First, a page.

A robust system of free expression requires at least two things. First, strong protections for free speech in the public sphere, including protections against viewpoint discrimination, content restrictions, and other forms of censorship. Second, strong protections for private actors to speak, not speak, or to censor speech that does not comport with their views or values when that speech is performed on private property. The First Amendment protects people from government action, but it rightly can’t be used against, say, Walmart or the NFL. By limiting the First Amendment to government actors, we maintain a broad ecology of free expression where individuals aren’t subject to constitutional liability because they choose to use their property to promote ideas that conform with their values.
The difficult question, however, is when someone is a “state actor” for the purposes of the First Amendment. This case centers around whether a public‐access TV channel run by private nonprofit corporation is subject to the First Amendment. The Manhattan Neighborhood Network (MNN) was designated in 1991 to operate a public‐access channel in New York City. The Manhattan Borough President has no control over MNN and chooses only two of the thirteen members of the board of directors. Jesus Melendez was a sometime contributor to the network who was suspended in 2012 for harassing an employee. He later produced a video that included harassing and threatening language toward MNN and the staff. In response, MNN banned the video from further airings as a violation of the network’s zero tolerance policy for harassment. Melendez and his associate DeeDee Halleck brought a First Amendment claim against MNN, but the initial question was whether the network is a state actor for the purposes of the First Amendment. The district court said no, noting that, while it was a close call, other circuits had concluded that privately run public‐access networks were not state actors. The Supreme Court hasn’t yet weighed in on the question directly, but Justice Anthony Kennedy, in a 1996 concurrence in a case dealing with laws regulating content on public‐access channels, wrote that they should be considered state actors who run public fora and are thus subject to the First Amendment. In his concurrence in the same case, Justice Clarence Thomas disagreed, writing that “franchising authorities require cable operators to create public access channels, but nothing in the record suggests that local franchising authorities take any formal easement or other property interest in those channels that would permit the government to designate that property as a public forum.”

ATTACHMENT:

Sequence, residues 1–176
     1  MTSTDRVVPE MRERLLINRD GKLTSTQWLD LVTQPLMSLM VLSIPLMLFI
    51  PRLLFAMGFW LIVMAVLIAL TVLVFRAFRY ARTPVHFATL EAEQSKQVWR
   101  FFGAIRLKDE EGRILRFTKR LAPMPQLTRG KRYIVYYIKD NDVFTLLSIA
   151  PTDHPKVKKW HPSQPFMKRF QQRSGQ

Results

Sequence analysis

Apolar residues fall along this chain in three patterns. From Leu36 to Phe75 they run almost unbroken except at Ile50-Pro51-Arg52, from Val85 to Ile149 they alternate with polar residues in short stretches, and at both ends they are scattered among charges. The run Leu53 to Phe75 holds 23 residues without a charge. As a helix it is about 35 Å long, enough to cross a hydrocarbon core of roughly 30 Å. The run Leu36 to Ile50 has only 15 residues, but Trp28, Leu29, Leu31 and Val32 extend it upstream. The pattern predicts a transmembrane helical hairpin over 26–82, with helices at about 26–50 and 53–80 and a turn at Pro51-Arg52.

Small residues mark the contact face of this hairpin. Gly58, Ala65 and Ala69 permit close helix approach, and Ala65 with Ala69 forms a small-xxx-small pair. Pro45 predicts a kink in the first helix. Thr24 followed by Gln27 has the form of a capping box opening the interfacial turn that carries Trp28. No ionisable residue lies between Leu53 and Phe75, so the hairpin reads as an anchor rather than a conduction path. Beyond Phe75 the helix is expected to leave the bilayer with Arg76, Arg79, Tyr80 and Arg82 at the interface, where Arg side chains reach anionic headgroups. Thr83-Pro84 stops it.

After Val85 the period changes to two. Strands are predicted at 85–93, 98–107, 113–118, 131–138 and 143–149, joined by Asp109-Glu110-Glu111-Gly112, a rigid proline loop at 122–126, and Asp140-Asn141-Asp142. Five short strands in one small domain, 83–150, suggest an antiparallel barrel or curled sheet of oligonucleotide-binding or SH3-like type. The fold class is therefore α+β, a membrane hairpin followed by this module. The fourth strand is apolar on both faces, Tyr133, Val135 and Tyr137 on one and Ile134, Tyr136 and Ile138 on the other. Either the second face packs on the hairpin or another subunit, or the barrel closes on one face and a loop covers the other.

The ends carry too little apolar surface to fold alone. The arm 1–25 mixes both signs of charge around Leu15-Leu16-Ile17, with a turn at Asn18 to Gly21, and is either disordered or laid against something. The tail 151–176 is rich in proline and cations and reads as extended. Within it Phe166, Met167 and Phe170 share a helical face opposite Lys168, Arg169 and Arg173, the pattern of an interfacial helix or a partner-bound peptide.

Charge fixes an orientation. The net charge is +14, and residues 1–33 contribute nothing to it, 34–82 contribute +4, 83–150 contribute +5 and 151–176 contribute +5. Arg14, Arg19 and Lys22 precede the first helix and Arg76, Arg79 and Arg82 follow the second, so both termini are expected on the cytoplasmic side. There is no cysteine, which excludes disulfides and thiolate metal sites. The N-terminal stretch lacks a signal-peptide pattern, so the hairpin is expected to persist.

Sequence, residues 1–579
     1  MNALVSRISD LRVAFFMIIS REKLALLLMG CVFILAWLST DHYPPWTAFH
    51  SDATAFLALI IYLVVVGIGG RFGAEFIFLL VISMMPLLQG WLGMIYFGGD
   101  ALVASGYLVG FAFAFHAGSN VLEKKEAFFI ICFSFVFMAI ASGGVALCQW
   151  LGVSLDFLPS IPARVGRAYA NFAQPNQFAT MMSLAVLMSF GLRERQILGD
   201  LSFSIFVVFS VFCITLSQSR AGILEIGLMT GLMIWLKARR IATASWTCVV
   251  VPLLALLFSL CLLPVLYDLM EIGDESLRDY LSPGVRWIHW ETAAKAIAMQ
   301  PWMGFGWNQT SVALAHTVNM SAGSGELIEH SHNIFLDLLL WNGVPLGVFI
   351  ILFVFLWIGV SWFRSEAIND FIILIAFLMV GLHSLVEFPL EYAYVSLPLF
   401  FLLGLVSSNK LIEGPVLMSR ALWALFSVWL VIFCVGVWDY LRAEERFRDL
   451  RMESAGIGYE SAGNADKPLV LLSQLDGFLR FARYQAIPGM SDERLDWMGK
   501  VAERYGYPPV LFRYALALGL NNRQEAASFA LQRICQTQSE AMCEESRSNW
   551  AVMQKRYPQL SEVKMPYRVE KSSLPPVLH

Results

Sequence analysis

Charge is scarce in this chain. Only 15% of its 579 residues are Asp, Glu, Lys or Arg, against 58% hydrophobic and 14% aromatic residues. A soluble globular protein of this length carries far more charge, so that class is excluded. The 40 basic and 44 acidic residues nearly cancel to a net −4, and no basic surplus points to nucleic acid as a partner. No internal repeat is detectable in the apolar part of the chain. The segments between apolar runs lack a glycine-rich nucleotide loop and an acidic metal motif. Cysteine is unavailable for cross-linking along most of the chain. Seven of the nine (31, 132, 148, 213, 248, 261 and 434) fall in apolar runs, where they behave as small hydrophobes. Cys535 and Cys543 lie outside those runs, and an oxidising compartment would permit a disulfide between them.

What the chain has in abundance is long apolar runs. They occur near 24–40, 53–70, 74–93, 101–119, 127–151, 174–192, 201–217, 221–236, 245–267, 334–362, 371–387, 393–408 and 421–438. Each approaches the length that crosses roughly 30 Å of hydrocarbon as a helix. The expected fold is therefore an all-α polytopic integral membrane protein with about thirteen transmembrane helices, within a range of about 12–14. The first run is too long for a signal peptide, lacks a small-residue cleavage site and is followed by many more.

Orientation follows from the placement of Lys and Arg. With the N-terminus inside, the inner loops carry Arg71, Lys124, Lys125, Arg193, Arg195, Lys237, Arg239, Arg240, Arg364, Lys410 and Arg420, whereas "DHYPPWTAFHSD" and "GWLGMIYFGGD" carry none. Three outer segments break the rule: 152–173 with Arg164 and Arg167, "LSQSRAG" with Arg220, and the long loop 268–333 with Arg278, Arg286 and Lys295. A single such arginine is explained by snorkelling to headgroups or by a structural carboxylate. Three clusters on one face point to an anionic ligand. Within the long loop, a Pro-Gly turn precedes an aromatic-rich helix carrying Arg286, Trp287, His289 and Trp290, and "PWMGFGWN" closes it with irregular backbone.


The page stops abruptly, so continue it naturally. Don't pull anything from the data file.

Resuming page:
The Second Circuit agreed with Justice Kennedy, holding that MNN was a state actor, but in so doing it failed to properly apply the Supreme Court’s state‐actor tests. As the dissent pointed out, it hadn’t been shown that “MNN is ‘controlled’ or ‘compelled’ by the state,” or that two members of a thirteen‐person board of directors was enough for “joint action” between the state and a private entity. As for whether MNN performs a “public function,” the dissent rightly observed that “the ownership and operation of an entertainment facility are not powers traditionally exclusively reserved to the State, nor are they functions of sovereignty,” adding that “it is fortunate for our liberty that it is not at all a near exclusive function of the state to provide the forums for public expression, politics, information, or entertainment.”
Cato has filed an amicus brief supporting MNN’s petition for Supreme Court review. While it’s possible that some public‐access channels could be rightly called state actors, the Court should take the case to clarify the state‐actor test and to review the Second Circuit’s unnecessarily broad opinion. Public‐access channels may be set aside for access by the public, but the Supreme Court has generally required the added showing that it is operated by the government or that there’s a sufficient connection to the government. That is not the case for MNN. Moreover, such a holding could be dangerous for other businesses, such as Internet service providers, who often have specifically sought to partner with municipalities to provide communities with access to the Internet. Over the past few decades, lawsuits have been brought arguing that AOL, YouTube, and even search engines are state actors. Those challenges rightly failed, but the Second Circuit’s opinion could make it easier to bring, and win, similar cases in the future. Ultimately, clarifying the lines between the government and private actors helps create a more vigorous system of free expression.